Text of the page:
When the 68-year-old woman first became a telehealth
patient, her blood pressure readings were normal. Over
time, however, they started to trend upward.
Fortunately, the patient’s FirstHealth Home Care nurse
quickly detected the change in her condition, contacted
her doctor and arranged a change to her medication that
didn’t involve a trip to the doctor’s office or to the hospital.
Often heralded as the wave of the future for home
health care, the closely monitored technology of
telehealth helps chronically ill patients stay at home,
where they want to be, and out of the hospital. Using
simple, easy-to-understand computer technology,
these patients or their caregivers transmit specific
health information over a home telephone line to a
centralized monitoring station where it is read by a
Home Care professional.
Changes to a patient’s condition are noted, and appropriate
follow-up is scheduled.
An important goal of home health care involves reducing
hospital admissions and emergency room visits. During
its five-year history, FirstHealth’s telehealth service has done
that while benefiting more than 3,000 patients in Moore,
Montgomery, Richmond, Scotland, Lee and Hoke counties.
“When we first started imagining the possible benefits
of telehealth monitoring for home care, we had no idea
that we would be making a difference for so many patients,”
says Patty Upham, director of FirstHealth Home
Telehealth monitoring not only enables the Home Care
staff to stay closely connected to patients who are in their
homes, but it also helps patients understand how to better
manage their own health.
“As patients or caregivers send us the information each
day, they begin to recognize how simple actions make a
difference in their health,” Upham says. “They make the
connection between the country ham biscuit they ate for
breakfast and their elevated blood pressure. One of the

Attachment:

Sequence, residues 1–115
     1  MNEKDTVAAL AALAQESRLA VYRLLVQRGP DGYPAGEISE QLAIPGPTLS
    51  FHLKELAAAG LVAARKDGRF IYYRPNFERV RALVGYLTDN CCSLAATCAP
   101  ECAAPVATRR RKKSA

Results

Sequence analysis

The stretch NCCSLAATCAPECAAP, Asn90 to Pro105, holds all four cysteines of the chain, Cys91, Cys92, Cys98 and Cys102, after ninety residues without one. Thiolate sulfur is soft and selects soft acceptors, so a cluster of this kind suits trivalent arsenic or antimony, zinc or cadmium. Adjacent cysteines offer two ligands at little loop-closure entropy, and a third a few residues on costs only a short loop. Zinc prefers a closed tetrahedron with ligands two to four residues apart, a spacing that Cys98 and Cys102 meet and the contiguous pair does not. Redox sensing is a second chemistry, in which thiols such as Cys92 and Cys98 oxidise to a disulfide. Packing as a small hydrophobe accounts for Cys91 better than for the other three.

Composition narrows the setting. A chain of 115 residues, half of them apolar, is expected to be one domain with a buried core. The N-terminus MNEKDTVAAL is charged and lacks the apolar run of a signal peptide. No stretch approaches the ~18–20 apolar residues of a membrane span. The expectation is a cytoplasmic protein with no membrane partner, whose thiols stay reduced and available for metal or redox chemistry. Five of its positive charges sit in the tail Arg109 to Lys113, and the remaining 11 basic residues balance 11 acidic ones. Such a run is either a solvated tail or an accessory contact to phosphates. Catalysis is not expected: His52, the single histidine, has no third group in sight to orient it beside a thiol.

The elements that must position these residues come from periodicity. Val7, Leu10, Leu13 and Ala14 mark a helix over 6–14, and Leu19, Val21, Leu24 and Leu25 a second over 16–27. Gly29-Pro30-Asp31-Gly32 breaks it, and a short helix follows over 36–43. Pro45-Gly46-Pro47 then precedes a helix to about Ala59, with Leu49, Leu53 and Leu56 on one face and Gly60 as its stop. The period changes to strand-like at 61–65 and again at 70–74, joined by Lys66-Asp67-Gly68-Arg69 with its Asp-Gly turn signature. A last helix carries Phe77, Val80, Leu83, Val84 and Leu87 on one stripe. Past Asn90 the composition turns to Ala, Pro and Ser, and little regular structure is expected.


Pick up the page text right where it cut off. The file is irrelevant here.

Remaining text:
unexpected advantages of telehealth is the educational opportunity
it provides for our patients and their families.”
FirstHealth’s telehealth service uses equipment provided
by ViTel Net of McLean, Va.
For more information on FirstHealth Home Care or its telehealth
program, call (800) 213-3284.
A three-year, $750,000 Telehealth
Network Grant from the
U.S. Department of Health and
Human Services (DHHS) will
enable FirstHealth’s telehealth
monitoring service to reach more
patients than ever.
The DHHS funding will allow
the program to add at least 50
monitoring units and support the
addition of three employees to the
telehealth staff: a coordinator, a
community liaison and a technician
“To optimize this service, we are
networking with the FirstHealth
emergency departments and
Family Care Centers, area health
departments and the Moore Free
Care Clinic,” says Patty Upham,
director of FirstHealth Home Care
Services. “When we work as a
team, our patients score. It’s a winning
FirstHealth’s telehealth service began with a pilot program funded by the Moore Regional Hospital Foundation. The pilot
worked so well that FirstHealth and the Foundation then partnered to buy 18 telehealth units and four digital camera
kits to be used for wound assessment.
In the summer of 2006, a $250,000 grant awarded through The Duke Endowment allowed FirstHealth to acquire 70
additional monitoring units and four more high-resolution digital cameras. Funds also helped with the employment of a
full-time telehealth nurse coordinator to manage the program.
According to Kathleen Stockham, president of the Foundation of FirstHealth, the success of FirstHealth’s telehealth
program is due in no small part to the support it has received from the Foundation.
“This program is an example of how our Foundation members’ investments affect the quality of life and health in our
communities,” says Stockham. “We provide the dollars that support the ideas and nurture them into sustainable, successful
programs that make a real difference. Our initial $20,000 investment has reaped great returns for our patients. The
outcomes speak for themselves.”